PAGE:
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JavaScript Generators

These work annoyingly well. Why annoying? Because they’re Mozilla specific. If only we could use them all the time. The other thing that’s annoying is how they are actually better than the C# equivalent.

There are two major advantages compared with C#’s yield return.

1. You can use yield inside an anonymous function.

2. You can make yield return a value. No, I don’t mean send a value out of the generator function to the caller. I mean the other way: the caller can send values into the generator function.

Okay, regarding point 2, in my previous ridiculous post I was doing exactly that in C#. But it was awkward:

int i = null;
yield return input => i = input;

I had to yield a lambda so the client could call it, passing me the input, which I then assign to a named variable. Ugh. But in JavaScript in Mozilla, you can do this:

document.body.innerHTML = yield ASYNC.ajax("message.txt");

Note the yield, hiding there in front of an expression. The ASYNC object is a little utility I’ve just written to learn how to use this stuff:

    var ASYNC = {

        ajax: function(url) {

            return function(receiver) {

                jQuery.ajax({ url: url, success: receiver });
            };
        },

        run: function(gen) {

           var quitRequested = false;
           var result = undefined;

           var manager = {

               quit: function() {

                   quitRequested = true;
               },

               step: function() {

                   var y = undefined;

                   try
                   {
                       y = gen.send(result);
                       result = undefined;
                   }
                   catch (e) { }

                   if (quitRequested || y === undefined) {

                       gen.close();

                       if (manager.finished)
                           manager.finished();

                       return;
                   }

                   if (y === null) {

                       window.setTimeout(manager.step, 0);
                       return;
                   }

                   y(function(newResult) {

                       result = newResult;

                       manager.step();
                   });
               }
           };

           gen = gen(manager);

           manager.step();
           return manager;
        }
    };

With this in place, we can do:


$(document).ready(function() {

        ASYNC.run(function() {

            for (var i = 0; i < 100; i++) {

                document.title = i;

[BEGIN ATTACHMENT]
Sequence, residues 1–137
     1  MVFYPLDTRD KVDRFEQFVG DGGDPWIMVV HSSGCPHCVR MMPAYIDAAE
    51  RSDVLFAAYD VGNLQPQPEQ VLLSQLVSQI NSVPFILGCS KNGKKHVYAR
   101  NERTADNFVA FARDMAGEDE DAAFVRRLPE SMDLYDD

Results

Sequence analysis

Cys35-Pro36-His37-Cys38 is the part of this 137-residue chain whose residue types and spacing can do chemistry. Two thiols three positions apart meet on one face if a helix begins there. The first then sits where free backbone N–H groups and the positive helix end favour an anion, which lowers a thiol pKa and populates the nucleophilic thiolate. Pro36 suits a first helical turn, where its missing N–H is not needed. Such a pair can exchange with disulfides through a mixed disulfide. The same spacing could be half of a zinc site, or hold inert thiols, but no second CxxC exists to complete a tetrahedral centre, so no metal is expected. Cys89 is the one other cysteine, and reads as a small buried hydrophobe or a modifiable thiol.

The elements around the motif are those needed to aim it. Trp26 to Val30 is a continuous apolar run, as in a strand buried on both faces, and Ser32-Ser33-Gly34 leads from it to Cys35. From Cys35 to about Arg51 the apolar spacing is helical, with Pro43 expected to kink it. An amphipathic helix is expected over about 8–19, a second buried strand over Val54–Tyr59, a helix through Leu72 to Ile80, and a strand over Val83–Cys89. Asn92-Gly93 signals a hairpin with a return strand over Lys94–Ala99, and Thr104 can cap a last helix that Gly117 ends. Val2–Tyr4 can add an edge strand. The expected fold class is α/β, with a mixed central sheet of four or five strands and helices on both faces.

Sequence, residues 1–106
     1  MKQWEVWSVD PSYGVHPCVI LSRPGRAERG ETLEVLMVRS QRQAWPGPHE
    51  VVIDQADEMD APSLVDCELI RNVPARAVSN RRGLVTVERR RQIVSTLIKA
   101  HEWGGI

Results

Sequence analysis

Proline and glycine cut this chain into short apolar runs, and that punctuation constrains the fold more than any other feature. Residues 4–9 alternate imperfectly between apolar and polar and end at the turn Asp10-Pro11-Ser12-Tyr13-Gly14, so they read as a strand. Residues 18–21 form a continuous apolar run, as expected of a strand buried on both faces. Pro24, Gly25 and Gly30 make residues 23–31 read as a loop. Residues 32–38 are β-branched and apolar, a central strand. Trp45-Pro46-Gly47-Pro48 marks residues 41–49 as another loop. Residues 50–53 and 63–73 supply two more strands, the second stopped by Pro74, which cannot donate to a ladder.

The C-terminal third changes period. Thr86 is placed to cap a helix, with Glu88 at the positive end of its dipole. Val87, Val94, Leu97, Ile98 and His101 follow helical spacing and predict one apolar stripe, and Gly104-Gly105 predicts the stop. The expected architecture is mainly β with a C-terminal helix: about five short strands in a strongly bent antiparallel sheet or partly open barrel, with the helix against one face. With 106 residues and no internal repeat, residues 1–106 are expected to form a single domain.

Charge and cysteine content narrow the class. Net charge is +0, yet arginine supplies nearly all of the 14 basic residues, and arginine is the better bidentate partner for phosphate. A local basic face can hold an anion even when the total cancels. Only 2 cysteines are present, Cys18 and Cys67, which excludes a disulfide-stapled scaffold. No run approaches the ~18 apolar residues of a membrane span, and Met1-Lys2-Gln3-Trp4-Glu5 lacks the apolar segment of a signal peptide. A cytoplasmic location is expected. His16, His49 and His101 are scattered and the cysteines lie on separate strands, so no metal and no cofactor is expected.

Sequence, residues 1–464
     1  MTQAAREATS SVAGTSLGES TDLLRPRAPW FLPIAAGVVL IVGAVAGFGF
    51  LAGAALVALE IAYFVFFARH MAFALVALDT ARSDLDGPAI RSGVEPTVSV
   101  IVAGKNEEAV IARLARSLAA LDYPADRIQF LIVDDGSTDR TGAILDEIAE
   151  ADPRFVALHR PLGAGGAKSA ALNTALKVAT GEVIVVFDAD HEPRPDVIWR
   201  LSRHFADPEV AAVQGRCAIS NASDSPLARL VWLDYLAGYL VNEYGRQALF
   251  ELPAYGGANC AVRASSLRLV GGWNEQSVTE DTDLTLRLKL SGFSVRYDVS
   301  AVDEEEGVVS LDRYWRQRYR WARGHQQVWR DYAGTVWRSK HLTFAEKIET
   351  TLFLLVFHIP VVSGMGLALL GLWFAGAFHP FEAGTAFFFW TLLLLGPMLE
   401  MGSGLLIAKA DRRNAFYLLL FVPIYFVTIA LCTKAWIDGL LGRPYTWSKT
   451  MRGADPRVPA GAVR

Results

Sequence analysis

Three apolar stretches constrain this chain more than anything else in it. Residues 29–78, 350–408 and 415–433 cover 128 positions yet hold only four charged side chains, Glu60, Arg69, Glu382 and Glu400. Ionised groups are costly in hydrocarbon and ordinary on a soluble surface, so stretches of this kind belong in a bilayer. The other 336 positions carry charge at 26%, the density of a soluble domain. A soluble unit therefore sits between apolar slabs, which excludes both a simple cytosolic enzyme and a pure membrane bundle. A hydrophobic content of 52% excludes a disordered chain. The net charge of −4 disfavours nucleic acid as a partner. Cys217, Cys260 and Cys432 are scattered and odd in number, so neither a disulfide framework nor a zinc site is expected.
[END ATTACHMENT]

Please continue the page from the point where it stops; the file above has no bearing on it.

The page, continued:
yield null;
            }

            document.body.innerHTML = yield ASYNC.ajax("message.txt");

            for (var i = 0; i < 100; i++) {

                document.title = i;
                yield null;
            }
        });
    });

This counts to 99 on the title bar, then grabs a text file from the server and displays it, then counts to 99 again.

By yielding null, we say “let the browser have a turn”, so the UI can update to reflect the changes we’re making. But we can also yield a function that, when called, returns another function that accepts a function to which an output value can be passed. (Read that a few dozen more times until it goes in.) The ASYNC.ajax function is a fine example. The output value is then stashed away so it can be sent back into the generator and get returned from the next call to yield.

Of course, the advantage of this is that you can write a mix of UI updating and AJAX requests in a linear fashion, instead of having to chain together a zillion callbacks.

I really wish this was in C#… also apparently you can give the generator an exception you’d like it to throw on the next yield, which is beautiful. That way if the AJAX request fails, the yield can throw an error. And that’s something else I’ve previously wished for in C#.

Presumably all this was in CLU’s original version of this idea, but I don’t know anything about that.

Update: on reading further I see the Mozilla team calling this Python-style generators, so it’s all in Python too. And with a bit more searching I see it’s in Ruby. But even better, the thing I was excited about is the potential for using this to implement cooperative coroutines. Ruby has special support for those anyway, which appear to work much more automatically, so I’m going to look at that next.

Before I abandoned this, I couldn’t resist implementing a more complete form of coroutines in Mozilla. Basically I keep a stack of generators, so within one generator you can start another and yield it. But you have to remember to prefix almost every call you make with yield, so it’s hardly seamless.

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